The “issue” is that Darius currently only averages around 16 pass attempts per game. And what’s crazy is that, when he’s thrown the ball, he has experienced success. Here’s a stat that might surprise many: Wilson currently ranks 10th in the country in completion percentage (67.1%). Despite the high completion percentage, through five games this season, only once has Wilson attempted more than 19 passes (mind you, we’re not talking completed passes, merely attempted passes — big difference).
Now, because Wilson is a true freshman (i.e. he was playing in high school at this very time just last year), it is entirely unsurprising that W&M’s coaching staff has elected to maintain a ground-heavy attack. Even still, given Darius’ passing success when given the opportunity, a more balanced offensive approach would only serve to make this offense that much more dangerous. Elite defensive teams such as JMU and Villanova are more than capable of shutting down W&M’s top-3 run game…so what happens to W&M’s offense then? How does it adjust? Over the second half of the season, we fully expect Wilson to throw the ball more as he continues to learn and grow in the system.
Stat #3: William & Mary has given up the least amount of sacks in the CAA… and has produced the most sacks in the CAA.
We did mention how good William & Mary’s offensive and defensive lines were in stat #1, right? Well, it gets better. Not only have both lines produced when it comes to the rushing game, but both lines have also produced when it comes to QB pressures. Offensively, W&M has given up the least number sacks in the league (5). It’s fair to attribute the majority of that achievement to three primary things: W&M’s offensive line, QB Darius Wilson’s rare ability to evade the rush, and most boringly, W&M’s propensity to run the football (leading to fewer sack opportunities for opposing teams). Any way you splice it, the Tribe has experienced immense success in protecting the passer so far this season, and it’s in no small part due to elite offensive line play and the pass-rush evading maneuvers of Darius Wilson.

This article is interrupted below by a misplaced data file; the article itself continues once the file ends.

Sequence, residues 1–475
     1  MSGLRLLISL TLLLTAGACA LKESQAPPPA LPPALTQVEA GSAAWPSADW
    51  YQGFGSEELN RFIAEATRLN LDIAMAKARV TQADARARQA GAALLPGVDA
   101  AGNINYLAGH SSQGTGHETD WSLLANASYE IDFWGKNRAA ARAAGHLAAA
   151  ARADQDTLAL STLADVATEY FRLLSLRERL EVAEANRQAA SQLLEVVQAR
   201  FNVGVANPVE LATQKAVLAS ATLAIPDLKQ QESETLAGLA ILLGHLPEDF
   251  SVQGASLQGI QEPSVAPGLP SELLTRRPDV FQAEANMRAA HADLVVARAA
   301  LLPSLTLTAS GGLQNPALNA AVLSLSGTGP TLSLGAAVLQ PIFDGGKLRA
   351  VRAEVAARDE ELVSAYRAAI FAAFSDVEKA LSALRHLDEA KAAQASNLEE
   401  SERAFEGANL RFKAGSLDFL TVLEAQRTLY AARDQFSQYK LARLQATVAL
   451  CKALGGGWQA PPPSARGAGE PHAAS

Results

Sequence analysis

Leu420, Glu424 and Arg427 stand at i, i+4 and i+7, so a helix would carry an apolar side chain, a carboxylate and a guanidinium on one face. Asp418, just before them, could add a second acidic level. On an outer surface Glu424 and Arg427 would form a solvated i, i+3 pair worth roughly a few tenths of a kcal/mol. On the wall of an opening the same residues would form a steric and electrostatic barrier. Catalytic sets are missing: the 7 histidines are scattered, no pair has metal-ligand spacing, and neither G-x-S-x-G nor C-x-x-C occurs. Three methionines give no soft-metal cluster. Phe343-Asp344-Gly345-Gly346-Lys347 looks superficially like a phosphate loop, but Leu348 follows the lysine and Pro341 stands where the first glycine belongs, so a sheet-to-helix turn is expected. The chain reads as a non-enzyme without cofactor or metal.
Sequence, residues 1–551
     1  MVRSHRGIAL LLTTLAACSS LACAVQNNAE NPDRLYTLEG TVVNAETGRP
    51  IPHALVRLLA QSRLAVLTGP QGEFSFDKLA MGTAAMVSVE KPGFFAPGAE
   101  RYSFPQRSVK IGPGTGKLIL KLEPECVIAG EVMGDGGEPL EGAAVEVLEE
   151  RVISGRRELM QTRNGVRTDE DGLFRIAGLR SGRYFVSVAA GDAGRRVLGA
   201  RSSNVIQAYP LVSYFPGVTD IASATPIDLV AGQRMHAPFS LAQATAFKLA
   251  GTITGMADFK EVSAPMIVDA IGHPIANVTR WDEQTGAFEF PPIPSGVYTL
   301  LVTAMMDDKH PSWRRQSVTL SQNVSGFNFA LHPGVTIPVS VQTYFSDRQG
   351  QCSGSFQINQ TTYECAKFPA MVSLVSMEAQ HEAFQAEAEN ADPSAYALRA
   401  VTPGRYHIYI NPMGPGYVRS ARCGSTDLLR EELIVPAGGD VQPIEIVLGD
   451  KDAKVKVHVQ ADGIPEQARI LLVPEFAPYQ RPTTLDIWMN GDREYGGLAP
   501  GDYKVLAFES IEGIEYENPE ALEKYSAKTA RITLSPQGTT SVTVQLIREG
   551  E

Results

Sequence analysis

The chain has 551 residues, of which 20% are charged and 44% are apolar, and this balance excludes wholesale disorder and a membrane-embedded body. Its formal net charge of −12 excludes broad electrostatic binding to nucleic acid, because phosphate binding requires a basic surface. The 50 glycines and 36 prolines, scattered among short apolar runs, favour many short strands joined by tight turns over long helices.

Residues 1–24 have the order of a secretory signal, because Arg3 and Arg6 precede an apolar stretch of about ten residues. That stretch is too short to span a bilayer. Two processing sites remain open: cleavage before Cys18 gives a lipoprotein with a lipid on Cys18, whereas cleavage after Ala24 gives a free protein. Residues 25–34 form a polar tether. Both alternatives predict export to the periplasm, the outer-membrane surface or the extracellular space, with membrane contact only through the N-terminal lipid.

On the other side of the ball, William & Mary’s defensive line has been an absolute nightmare (spooky Halloween reference, see what we did there?) for opposing quarterbacks. Through five games, W&M averages over 3 sacks per game; in fact, the team’s 16 total sacks holds the #1 spot in the CAA. W&M defensive end Nate Lynn currently leads the entire CAA with 5.5 sacks through just five contests. A truly insane start for the season by the junior Lynn. Will Kiely, opposite Lynn, is not far behind, ranking #2 in the CAA in total sacks (5). Even W&M’s senior nose tackle Zyquan Bessant is getting in on the action, as Bessant registered a sack earlier in the season against Colgate. With elite talent across the line that has proven it can both stop the run and get to the quarterback, there isn’t much more a coach could ask for out of the defensive line. And with the hardest parts of the CAA schedule still on the docket for W&M, much will be expected from this unit moving forward.
So you see, William & Mary is getting it done on both sides of the ball. Almost eerily so, the team’s efforts have seemingly mirrored themselves across several key statistical categories so far this year. But as the season progresses, the Green and Gold will need to improve in key areas to truly compete with modern day powerhouses of the CAA; and with games against Villanova, Delaware, and JMU soon approaching the horizon, the Tribe will need to be firing on all cylinders to get the job done.
But if there’s one thing we’ve learned so far this season, it’s not to underestimate the boys from the ‘Burg. Riding a 4-game win streak, William & Mary is out to prove its doubters wrong this year.
LET’S GO TRIBE.